A lot of people are kind of concerned about how many calories they should be eating. It’s one of the most-asked questions on the topic of nutrition.
So, I thought I’d fire some answers at ya.
Typing while eating cherry tomatoes when there’s oreo cake available, so you can totally trust me on health advice right? 😉
The average person
You may have heard that the average man needs 2500kcal each day, and the average woman needs 2000kcal each day.
Not much of a spectrum there, but we’ll go with it.
Of course, it counts what you eat. 2000kcal doesn’t get you much if you’re living off takeaway pizza. But, I’m not advocating 2000 calories worth of apples, either.
Or that you live without takeaway pizza. What a world.
The 2000/2500 is what is recommended for the average chap or chapette who wants to maintain their ‘healthy’ weight. If you’re an athlete in training, that’s a different kettle of fish.
So, for normal bodily functions like moving and breathing, you use around 2000kcal, so that’s how much you need to eat so you don’t pass out and stuff.
In simple terms, to maintain weight, you need a balance of energy in (food) and energy out (activity).
In order to gain some weight, you need to tip the scales in favour of energy in. So, in general, you need to increase your caloric intake.
Of course, you need to do this in a healthy way, and what that means will be different on an individual level.
In general, though, it probably doesn’t mean you can just eat more cake.
Unless advised otherwise by a health professional, you probably want to increase your calories gradually, giving your body time to adjust. If you’re currently on 1800kcal a day, don’t be like “I’m eating 2500 as of Monday.”
As with gaining weight, you need to be specific. Are you trying to lose body fat? If so, do it gradually (again, unless you’re medically advised otherwise).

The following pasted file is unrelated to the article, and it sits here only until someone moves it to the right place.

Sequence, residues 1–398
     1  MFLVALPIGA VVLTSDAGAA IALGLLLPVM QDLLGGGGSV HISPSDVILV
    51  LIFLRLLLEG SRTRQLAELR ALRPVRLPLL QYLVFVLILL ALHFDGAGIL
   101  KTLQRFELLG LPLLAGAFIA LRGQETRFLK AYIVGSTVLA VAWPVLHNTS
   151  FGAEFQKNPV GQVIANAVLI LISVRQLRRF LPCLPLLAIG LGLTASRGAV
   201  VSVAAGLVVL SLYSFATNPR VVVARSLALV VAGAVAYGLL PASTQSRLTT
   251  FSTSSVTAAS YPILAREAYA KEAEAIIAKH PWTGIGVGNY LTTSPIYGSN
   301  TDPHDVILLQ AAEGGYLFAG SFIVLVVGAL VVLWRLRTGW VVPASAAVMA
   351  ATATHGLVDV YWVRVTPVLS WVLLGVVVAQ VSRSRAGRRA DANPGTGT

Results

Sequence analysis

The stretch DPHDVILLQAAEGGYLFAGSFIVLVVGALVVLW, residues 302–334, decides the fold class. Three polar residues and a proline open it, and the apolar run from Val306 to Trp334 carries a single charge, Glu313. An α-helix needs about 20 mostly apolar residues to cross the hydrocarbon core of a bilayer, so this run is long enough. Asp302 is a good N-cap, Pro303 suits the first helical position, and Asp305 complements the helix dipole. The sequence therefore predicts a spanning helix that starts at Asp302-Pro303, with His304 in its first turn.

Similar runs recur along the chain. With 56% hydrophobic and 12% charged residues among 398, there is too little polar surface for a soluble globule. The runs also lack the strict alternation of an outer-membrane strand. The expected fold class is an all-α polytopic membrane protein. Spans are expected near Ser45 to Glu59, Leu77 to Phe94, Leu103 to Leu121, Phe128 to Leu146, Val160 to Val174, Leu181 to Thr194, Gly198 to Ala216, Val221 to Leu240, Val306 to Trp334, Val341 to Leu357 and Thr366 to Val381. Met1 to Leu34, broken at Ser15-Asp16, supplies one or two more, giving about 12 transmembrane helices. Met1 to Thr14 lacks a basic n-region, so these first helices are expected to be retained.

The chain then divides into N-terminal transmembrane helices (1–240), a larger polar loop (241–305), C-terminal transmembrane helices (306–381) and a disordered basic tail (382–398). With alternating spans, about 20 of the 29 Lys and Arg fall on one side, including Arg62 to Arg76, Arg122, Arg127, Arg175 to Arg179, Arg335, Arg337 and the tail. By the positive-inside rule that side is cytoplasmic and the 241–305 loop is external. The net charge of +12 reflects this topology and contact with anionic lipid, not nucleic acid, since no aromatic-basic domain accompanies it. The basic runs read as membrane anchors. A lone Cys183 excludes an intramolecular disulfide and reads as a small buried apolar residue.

For the average healthy person, it’s not a great idea to go from eating 2800kcal a day, right down to 2000. Your body will freak out, and it doesn’t leave you much room to decrease further from there.
Start decreasing your calories by around 100 at a time.
But, OBVIOUSLY, speak to your GP before making any change in your diet. I don’t know what your health status is, and someone will need to tailor advice to your condition.
Calculate your caloric intake
You can use an online tool to find out your daily calorie needs (just Google ‘daily calorie needs calculator’).
You’ll need to know your height and weight, and you’ll be asked about your activity level – take into account what you do on an average day for this; don’t mark yourself down as highly active because of that one time you went for a 6-hour hike.
Again, this does not take into account your existing health and any conditions you may have; it is designed to give you a guideline based on a few stats.
It’s a great idea to track your calories if you’re not sure where to start with this, or what you’re currently eating.
Use an app like MyFitnessPal to monitor your meals honestly for about 2 weeks. After that, work out your average daily intake, then you know whether you’re in the right ball park, or if you need to make adjustments.
Tracking apps can really help you figure out where you’re getting the bulk of your calories from, too.
You might be spot on at 2000kcal (or whatever you need), but the spread of calories between your macro-nutrients (another post coming soon on this) might not be helping you.
Some more very general advice would be to spread your calories roughly evenly throughout the day.
You’ll need to put in a little effort to find what works for you and what your calorie needs look like in terms of meals (again, tracking is the way to go for that one).
I really want to hammer home that you shouldn’t make drastic changes to your caloric intake; you need to do it gradually (unless you’re advised otherwise by a health professional – that may be for a specific medical reason).
Nutrition is a really complicated and individual thing, and there is no one size fits all advice. Calorie intake is just one thing to consider, and certainly not the be all and end all of your diet – so please don’t get obsessed.
Health conditions, pregnancy, fitness goals, body composition, age, lifestyle, hormones, and medication can all influence the amount of energy you need.
Reckon I’ve said it, like, 5 times already, but please take the advice of health professionals before making any change to your diet.
This is a researched article for information and awareness purposes, and should not be used as a substitute for tailored, individual health advice.
Do you track calories? Do you have any nutrition or diet goals? If so, please share them in the comments below.
If you are concerned about the potential for disordered eating, please see links below:
BEAT the eating disorder charity